So, here is the half-promised photo of our overnight mooring. Look closely and you might spot an untidy bag on the bows. This is actually a part bag of solid fuel which was doubling up as a makeshift fender holder. When we moored the only part of the boat touching a hard side was right front, forward of the cabin so our usual hanging fenders were of no use. Combined with our spare home made Calder and Hebble hand spike (still kept for old times' sake!) the bag and a proper fender worked well and nothing was lost. What you cannot really see is that behind us the reeds occupied much more of the width of the canal so that we were almost hidden from view for boats coming down the canal.

We set off just after 8 and progressed down to our final lock on the main line of the Oxford Canal - alas just after we cast off (since we could not get on or off the boat at the stern this took a while) another boat appeared around the corner and etiquette demanded that we let them continue - bad manners knowingly to pull out in front of a boat, especially just before a lock.

Turned out that they too were heading towards Lechlade, where the boat is normally moored, and we kept them company until we moored at lunch time, along with another boat waiting at Eynsham Lock.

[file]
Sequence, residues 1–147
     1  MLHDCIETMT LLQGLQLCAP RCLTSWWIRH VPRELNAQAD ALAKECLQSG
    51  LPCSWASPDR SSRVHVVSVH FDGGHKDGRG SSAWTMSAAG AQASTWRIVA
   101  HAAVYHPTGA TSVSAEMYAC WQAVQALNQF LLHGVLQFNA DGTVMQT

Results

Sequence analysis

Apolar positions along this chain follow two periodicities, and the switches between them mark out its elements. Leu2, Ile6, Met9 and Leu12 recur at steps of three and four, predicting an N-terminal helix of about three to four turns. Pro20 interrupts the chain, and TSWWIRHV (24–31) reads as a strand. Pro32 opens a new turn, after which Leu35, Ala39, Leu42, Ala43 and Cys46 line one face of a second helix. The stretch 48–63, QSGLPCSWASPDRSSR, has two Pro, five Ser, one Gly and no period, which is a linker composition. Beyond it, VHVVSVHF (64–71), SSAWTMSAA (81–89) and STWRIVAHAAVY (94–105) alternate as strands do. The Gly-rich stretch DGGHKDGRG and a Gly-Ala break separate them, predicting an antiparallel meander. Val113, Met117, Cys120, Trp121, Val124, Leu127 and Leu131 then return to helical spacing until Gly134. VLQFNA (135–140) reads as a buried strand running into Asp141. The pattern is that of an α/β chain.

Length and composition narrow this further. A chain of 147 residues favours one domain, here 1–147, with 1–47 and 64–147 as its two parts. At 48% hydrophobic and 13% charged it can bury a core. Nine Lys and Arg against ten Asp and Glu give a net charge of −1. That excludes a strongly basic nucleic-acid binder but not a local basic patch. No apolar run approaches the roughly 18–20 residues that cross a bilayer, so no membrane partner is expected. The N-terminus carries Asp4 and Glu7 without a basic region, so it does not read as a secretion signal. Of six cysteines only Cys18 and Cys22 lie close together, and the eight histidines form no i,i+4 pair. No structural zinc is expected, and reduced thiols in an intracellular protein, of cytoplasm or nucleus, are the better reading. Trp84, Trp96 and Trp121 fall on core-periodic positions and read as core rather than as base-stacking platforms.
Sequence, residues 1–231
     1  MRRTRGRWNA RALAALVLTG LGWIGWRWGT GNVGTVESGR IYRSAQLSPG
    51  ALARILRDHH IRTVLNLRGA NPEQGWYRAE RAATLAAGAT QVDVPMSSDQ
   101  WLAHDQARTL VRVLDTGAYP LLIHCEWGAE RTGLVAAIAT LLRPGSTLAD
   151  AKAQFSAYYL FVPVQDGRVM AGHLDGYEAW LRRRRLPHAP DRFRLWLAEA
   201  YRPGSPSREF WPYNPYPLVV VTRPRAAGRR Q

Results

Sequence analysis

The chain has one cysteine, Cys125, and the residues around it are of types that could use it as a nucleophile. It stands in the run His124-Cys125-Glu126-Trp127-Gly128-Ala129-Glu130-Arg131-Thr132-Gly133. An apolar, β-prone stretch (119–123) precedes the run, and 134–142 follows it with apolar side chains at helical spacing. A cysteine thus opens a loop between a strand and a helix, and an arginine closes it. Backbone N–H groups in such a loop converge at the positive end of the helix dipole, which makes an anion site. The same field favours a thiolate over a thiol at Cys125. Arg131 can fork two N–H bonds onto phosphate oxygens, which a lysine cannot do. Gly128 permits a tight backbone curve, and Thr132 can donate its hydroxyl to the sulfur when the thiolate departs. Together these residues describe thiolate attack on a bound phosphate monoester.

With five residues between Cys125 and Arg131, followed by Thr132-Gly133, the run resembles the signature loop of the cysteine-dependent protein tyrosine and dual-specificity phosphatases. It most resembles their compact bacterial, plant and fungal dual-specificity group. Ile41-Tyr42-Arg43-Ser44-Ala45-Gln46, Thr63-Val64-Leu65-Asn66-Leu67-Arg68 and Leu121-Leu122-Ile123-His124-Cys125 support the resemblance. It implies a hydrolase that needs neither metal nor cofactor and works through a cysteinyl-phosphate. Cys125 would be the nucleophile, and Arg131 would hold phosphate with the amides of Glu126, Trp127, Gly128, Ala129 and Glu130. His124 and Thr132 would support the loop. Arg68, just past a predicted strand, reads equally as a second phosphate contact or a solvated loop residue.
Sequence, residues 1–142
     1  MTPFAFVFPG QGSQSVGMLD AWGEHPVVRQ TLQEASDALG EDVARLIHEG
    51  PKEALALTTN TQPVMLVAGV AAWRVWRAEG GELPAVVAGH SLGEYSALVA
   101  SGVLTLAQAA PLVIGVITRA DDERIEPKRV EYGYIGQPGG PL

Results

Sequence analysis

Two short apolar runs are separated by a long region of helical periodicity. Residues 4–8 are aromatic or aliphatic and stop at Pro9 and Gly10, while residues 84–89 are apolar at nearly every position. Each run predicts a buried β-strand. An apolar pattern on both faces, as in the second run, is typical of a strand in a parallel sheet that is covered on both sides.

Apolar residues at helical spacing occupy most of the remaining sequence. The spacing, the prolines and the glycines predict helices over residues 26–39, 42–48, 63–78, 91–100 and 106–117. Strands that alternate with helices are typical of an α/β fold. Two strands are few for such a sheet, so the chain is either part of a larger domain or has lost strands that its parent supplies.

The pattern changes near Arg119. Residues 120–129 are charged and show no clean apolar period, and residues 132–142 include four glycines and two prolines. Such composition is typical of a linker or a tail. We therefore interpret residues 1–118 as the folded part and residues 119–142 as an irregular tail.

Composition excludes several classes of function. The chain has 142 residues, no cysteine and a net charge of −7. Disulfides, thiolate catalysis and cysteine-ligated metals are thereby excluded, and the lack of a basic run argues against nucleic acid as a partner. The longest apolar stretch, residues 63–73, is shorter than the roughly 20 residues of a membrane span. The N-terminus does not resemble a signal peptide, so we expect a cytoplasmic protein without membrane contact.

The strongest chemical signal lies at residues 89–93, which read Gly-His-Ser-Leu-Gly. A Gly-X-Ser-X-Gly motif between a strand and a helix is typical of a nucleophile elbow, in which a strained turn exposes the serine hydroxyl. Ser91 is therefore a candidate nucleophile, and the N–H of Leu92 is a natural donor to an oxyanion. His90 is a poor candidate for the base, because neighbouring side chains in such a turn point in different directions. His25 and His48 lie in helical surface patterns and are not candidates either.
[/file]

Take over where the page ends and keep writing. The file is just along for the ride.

Immediately after where the lift bridge is being re-built we passed under a former railway bridge. This was built to carry a loop line belonging to the London and North Western Railway to allow trains to pass between the line to Evesham and one to Islip, without having to go into Oxford. It has long been abandoned with little sign on the ground as it is largely underneath the large A40 roundabout at Peartree Hill.

We caught up with the boat ahead at Dukes Lock.

Below the lock we then turned right, under the bridge just beyond the lock cottage. Immediately there is a lock that only rises about 370 mm, controlling the flow of water from the river into the final section of the canal into Oxford.

The top paddle mechanism is reminiscent of some found on the Calder and Hebble. Those who know that we are paranoid that windlasses should not be left on an open paddle, in case they suddenly drop and whizz off, may be surprised by the photo but this one is held by a catch and is the only way to hold the paddle up.